Most adult smokers begin smoking during adolescence. They quickly become addicted and most struggle to quit for decades afterwards. Prevention in the early years can prevent this battle from even starting. Here are 5 strategies that can help:


1. Avoid that first cigarette

Young people vastly underestimate the addictive potential of smoking and think that it takes years to become addicted to smoking. However, research by Professor Joseph DiFranza from Boston has shown that addiction develops surprisingly quickly.


Ten per cent of those who become addicted have already done so within 2 days of inhaling for the first time. Half are addicted by the time they are smoking 7 cigarettes per month. (DiFranza J 2007)


Tell young people how rapidly addiction can occur. Explain how nicotine from even one cigarette can change the brain and create withdrawal symptoms and cravings that can be hard to resist. The only sure way to avoid addiction is to never smoke that first cigarette.


2. Encourage parents and older siblings to quit

Parental smoking is a powerful influence on whether children take up the habit. A teenager is twice as likely to start smoking if one parent smokes at home, especially the mother. (Leonardi-Bee J. 2011) The risk is greater if both parents smoke or if an older sibling smokes.


It also helps to encourage parents to express their disapproval of smoking. Even with parents who smoke, adolescents have a lower risk of smoking if parents express these negative views. (Sasco A 1999)


3. Don’t smoke in pregnancy

Children whose mothers smoke heavily in pregnancy are twice as likely to become addicted to nicotine if they try cigarettes than children of mothers who do not smoke in pregnancy. (Buka S 2003) If the brain of the foetus is exposed to nicotine it becomes more responsive if re-exposed later in life, even if the mother quits after the baby is born.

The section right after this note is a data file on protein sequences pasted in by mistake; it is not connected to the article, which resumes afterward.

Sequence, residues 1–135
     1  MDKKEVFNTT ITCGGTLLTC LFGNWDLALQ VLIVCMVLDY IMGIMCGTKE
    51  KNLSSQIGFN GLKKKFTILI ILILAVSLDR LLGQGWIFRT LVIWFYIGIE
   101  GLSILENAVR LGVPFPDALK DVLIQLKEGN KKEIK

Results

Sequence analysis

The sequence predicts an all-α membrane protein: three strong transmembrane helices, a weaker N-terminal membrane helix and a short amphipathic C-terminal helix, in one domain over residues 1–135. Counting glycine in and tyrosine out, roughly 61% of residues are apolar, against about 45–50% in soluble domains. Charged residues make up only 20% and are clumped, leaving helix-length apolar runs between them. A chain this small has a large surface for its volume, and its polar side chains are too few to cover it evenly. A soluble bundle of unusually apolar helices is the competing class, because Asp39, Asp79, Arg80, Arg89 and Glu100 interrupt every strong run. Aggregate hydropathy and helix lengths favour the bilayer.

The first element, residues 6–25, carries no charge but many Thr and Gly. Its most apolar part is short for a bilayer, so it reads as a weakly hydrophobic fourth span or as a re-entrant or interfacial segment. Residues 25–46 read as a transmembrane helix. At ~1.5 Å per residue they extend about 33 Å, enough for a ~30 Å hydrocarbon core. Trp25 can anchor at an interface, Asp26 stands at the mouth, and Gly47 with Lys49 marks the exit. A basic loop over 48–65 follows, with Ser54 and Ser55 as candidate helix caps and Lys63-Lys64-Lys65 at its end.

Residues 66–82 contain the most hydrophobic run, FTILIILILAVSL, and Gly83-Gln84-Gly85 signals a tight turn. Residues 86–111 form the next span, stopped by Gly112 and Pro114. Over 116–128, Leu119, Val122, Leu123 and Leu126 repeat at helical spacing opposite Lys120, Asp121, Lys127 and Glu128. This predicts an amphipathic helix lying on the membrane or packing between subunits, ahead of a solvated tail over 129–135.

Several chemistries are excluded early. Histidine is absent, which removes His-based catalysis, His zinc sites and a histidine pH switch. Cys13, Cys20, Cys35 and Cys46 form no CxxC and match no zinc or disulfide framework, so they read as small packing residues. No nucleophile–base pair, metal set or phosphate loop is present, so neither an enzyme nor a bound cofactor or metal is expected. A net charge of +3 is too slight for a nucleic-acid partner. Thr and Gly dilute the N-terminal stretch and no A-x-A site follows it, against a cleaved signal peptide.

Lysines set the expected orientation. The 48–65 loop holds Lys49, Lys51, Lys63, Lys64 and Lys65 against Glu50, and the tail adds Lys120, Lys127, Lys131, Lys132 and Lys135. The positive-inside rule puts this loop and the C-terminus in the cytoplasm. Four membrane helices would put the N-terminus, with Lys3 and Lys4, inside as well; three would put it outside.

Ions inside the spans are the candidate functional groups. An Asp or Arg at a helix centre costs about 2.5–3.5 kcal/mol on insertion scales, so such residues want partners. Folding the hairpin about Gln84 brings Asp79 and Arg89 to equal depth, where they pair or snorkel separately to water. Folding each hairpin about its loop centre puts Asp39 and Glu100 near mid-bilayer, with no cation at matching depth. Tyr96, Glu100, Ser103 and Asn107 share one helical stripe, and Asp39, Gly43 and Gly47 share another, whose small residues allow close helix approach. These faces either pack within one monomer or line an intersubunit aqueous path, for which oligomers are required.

4. Teach children how to refuse a cigarette

The peer group is even more influential than parents in whether children take up smoking. Teach children how to say no when offered a cigarette, for example, ‘No thanks, I don’t smoke’ or ‘I tried it and didn’t like it’.


Here are some alternative strategies:

1. Use an excuse: “No thanks. It makes my asthma worse”

2. Avoid the situation: avoid places where smokers get together

3. Use humour: “I don’t like the taste of ashtrays”

4. Change the topic: “I’m hungry, let’s go get something to eat”, “It’s getting late, I gotta go”

5. Suggest an alternative: “Hey let’s go and play football”

(Tobacco. The truth is out there! Quit SA 2012)


5. Run a school-based prevention program

A recent review of 134 studies of school-based prevention programs (430,000 children) found that overall they were effective in reducing smoking uptake by about 12%. (Thomas R 2013). Programs led by adults are more effective than peer-led programs.


References available on request.

Adolescent smoking is one of the key themes of the inaugural Australian Smoking Cessation Conference, being held at the University of Sydney from 6-8 November 2013. Professor Joseph DiFranza (, the world’s foremost expert and researcher on adolescent smoking will be conducting a 4-hour workshop and giving presentations, along with other experts in the field. For more information go to



Dr Colin Mendelsohn is a Tobacco Treatment Specialist and Vice-President of the Australian Association of Smoking Cessation Professionals.